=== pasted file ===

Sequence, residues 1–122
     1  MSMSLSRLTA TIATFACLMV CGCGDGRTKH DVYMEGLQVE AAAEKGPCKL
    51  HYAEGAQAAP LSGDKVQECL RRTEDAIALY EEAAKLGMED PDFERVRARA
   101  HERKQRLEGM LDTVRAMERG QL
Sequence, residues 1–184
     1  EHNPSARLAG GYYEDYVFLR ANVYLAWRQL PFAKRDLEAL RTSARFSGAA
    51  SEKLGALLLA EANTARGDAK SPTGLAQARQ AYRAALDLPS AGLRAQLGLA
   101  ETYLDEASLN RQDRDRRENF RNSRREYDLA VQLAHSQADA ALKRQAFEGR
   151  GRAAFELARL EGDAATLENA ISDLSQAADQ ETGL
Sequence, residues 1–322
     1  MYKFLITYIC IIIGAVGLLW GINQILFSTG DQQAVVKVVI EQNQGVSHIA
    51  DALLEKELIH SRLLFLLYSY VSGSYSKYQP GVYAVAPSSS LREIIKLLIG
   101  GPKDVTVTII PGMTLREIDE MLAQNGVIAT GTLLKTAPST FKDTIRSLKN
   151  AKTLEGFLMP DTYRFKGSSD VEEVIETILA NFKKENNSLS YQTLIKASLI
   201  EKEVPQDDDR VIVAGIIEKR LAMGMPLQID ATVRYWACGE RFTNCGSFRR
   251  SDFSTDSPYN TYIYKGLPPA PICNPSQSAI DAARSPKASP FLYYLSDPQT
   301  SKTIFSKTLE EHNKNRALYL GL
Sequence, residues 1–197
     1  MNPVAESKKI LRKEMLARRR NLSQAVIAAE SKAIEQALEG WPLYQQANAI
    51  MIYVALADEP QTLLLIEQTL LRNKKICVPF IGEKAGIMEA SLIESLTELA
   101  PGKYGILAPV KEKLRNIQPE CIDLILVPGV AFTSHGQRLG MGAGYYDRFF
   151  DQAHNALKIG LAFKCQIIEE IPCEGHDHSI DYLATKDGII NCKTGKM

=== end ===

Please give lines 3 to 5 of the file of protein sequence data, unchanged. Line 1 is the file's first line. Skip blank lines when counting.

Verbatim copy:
    51  HYAEGAQAAP LSGDKVQECL RRTEDAIALY EEAAKLGMED PDFERVRARA
   101  HERKQRLEGM LDTVRAMERG QL
Sequence, residues 1–184